- Security TWENTY
- Women in Security
The removal of more than 200 gang ring leaders from London’s streets has resulted in a vacuum in which younger gang members have grabbed power violently. That is according to a think-tank’s new study.
The Centre for Social Justice report, Gangs – Time To Wake Up, looks at how gang crime and fear of gangs has changed since the summer riots of 2011. Christian Guy, Managing Director of the CSJ, says: “Gangs played a significant role in the riots and it is dangerous to pretend otherwise – in London at least one in five of those convicted was a known to be part of a gang.
“The Prime Minister declared an all-out war on gang culture after the riots, which culminated in a radical strategy heavily influenced by the CSJ’s own gangs research. But one year on political commitment is waning and the Government and local authorities have mistakenly assumed that its new strategy represents job done – it could not be more wrong.
“We have talked to members of our country-wide Alliance of small, frontline organisations and charities asking them how they feel gang culture has changed in the light of the Government response. Worryingly many have drawn us a picture of little or no progress.”
Patrick Regan OBE, an expert on gang culture and founder and Chief Executive of the charity XLP, said: “Everyone tells us the gang problem is getting better, but for organisations working at a grassroots level we look out of our window and that’s not what we see.”
The CSJ report praises the efforts of the Metropolitan Police for clamping down on gangs and gang-related crime, but criticises a lack of joined-up thinking and stresses the need to prevent young people joining gangs in the first place.
It also warns that the crackdown has backfired because it has created a power vacuum in many street gangs.
The report, which draws heavily on interviews with community leaders and former gang members, says that a lack of follow-up work since the arrests of gang leaders has meant that younger and often more volatile members have suddenly found themselves gang leaders.
According to the report, the upshot of this is not only the continuation of gang violence, “but its escalation as youngers vie for status and respect using the currency of violence.” It is, says the report, “a dangerous turn of events”.
Interviewees from gang hot-spots told the report authors of an increase in violent behaviour and heightened gang tensions, which they say are the unintended consequences of arresting the senior gang members, known as elders.
In 2009, the CSJ published a report on gang culture, Dying to Belong. The authors argued then that enforcement is not enough, and that “focusing solely on criminal justice not only ignores the drivers behind gang culture but also has the potential to escalate the problem”.
The Met Police has claimed that the “police cannot tackle gang violence alone” and the report stresses that enforcement plays a critical role in tackling the gang problems that blights many of the poorest communities. It is the absence of a broader government strategy that risks undermining the progress made by police.
In the wake of last summer’s riots, the government established the first ever centralised Met database of the most harmful gang members and Operation Trident had its remit extended from gun crime to broader gang-related issues. Despite these efforts, removing gang ‘elders’ has, according to Christian Guy, “created a Lord of the Flies environment in which anything goes.”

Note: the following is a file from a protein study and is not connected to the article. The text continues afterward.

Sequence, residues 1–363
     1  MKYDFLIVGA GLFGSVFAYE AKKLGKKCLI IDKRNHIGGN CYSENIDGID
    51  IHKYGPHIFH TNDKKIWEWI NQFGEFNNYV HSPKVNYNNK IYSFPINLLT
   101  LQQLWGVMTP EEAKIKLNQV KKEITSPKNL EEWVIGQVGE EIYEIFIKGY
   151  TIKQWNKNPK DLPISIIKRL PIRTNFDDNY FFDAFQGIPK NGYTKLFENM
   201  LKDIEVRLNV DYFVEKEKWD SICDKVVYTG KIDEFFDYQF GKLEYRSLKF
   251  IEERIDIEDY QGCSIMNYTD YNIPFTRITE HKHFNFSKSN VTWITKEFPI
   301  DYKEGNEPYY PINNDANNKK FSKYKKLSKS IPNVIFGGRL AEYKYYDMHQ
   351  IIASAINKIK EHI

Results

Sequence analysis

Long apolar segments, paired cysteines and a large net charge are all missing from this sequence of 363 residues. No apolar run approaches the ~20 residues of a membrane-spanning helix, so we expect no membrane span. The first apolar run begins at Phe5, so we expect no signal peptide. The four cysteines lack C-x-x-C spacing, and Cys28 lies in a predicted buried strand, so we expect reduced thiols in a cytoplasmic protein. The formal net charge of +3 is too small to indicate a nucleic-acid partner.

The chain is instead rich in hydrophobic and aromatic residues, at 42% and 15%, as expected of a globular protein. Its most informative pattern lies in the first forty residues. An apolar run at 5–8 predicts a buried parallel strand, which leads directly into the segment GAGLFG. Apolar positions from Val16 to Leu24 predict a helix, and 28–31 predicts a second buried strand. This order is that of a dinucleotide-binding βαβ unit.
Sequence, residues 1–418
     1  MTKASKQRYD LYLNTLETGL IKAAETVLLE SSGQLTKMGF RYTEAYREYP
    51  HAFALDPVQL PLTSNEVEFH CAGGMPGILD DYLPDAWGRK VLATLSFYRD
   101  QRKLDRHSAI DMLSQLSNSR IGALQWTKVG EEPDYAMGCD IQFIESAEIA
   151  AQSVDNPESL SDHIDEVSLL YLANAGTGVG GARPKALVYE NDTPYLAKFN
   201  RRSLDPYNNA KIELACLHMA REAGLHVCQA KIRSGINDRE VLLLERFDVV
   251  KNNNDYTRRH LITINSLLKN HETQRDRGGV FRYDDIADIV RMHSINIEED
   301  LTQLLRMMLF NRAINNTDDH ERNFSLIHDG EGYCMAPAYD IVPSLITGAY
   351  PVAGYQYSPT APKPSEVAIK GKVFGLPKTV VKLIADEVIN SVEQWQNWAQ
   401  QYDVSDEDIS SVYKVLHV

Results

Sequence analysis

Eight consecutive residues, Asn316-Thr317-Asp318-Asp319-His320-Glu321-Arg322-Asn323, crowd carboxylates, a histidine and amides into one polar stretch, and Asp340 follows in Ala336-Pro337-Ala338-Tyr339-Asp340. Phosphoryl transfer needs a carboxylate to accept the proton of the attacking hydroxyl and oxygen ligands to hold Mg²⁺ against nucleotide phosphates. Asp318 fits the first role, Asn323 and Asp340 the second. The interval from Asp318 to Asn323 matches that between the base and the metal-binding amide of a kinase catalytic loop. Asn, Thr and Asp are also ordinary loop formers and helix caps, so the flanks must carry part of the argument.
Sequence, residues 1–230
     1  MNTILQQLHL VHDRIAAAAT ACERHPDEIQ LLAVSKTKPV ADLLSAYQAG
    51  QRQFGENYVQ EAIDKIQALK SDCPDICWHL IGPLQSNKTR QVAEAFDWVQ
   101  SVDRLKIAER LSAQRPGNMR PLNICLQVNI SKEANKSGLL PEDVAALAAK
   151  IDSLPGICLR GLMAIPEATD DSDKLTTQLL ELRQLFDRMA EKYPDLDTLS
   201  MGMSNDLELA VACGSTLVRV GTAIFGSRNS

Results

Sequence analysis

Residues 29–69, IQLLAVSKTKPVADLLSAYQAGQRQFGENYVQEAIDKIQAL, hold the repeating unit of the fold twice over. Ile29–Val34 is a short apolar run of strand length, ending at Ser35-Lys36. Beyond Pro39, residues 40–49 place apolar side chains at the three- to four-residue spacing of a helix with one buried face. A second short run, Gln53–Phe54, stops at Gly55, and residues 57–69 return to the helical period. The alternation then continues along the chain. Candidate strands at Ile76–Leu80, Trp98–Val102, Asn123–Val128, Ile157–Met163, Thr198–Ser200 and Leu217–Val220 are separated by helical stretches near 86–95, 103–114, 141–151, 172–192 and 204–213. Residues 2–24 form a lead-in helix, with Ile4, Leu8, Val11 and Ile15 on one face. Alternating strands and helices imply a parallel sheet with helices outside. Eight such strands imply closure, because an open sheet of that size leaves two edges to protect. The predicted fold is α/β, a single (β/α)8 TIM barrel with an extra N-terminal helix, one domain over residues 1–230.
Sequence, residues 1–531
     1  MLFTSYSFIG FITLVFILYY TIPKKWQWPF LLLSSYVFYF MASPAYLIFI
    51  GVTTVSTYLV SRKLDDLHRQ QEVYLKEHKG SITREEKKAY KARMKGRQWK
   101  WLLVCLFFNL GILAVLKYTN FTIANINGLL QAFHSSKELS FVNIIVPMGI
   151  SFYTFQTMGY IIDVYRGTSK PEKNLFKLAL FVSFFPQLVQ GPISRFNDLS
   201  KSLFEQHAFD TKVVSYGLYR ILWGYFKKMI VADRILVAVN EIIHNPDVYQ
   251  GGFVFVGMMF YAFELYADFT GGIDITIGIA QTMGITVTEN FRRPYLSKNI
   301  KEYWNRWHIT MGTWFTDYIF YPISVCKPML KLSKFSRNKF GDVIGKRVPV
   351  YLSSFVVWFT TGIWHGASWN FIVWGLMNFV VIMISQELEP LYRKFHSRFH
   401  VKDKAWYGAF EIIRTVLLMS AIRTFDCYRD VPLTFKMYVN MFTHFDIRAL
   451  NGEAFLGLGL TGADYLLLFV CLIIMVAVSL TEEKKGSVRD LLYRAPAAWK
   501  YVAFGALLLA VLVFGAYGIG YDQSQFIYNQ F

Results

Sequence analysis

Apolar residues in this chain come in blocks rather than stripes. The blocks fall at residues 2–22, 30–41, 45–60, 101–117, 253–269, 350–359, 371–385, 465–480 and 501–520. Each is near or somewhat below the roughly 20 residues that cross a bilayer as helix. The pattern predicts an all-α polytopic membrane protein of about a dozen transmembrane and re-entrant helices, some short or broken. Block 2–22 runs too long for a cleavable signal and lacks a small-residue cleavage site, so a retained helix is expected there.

The report calls for immediate action. One submission to the report from a charity dealing with gang culture said:
“Gangs have upped the ‘anti’ in terms of recruitment. As it becomes harder to get into employment, young people are turning to gangs as alternative. Now the early stages of our gangs project (set up six years ago), seems like the golden age.”
The report calls for tougher measures to disrupt and dilute the influence of gang culture, including the creation of a new multi-agency task force in Whitehall to ensure that as much focus is put on prevention as it is on enforcement.
According to the think-tank’s research, there has been a startling increase in the number of girl gang members and a rise in sexual violence within gangs. The increasing involvement of girls in gangs, particularly in relation to sexual exploitation, was highlighted as a significant issue by all interviewees. Concern was expressed that the problem remains hidden.
The authors were told of a case where a 13-year-old gang-involved girl was subjected to sexual exploitation and was found to be grooming her 10-year-old sister for the same purpose.
Mr Guy says: “Fundamental to tackling gangs is preventative work in the most dysfunctional and struggling families and schools to stop the conveyor belt into gangs, yet many of our witnesses reported that early prevention work has ‘fallen off the radar’.
“Furthermore, nine out of ten CSJ Alliance charity respondents reported that they had not been approached to take part in any preventative work following the riots. Such a lack of engagement with those who really understand gang culture is indicative of a government being asleep at the wheel.”
The think-tank noted that the report comes at a time of falling crime in England and Wales. The murder rate was down 14 per cent in 2011-12 compared to the previous year, while overall recorded crime fell by 4 per cent.
But, crucially, there are no figures on the number of gangs, or the level of gang-related crime. One problem is that a significant proportion of gang-related crime and violence is not reported and young offenders often do not identify themselves as gang members, when appearing in court. For the report in full, visit http://www.centreforsocialjustice.org.uk/client/images/Gangs%20Report.pdf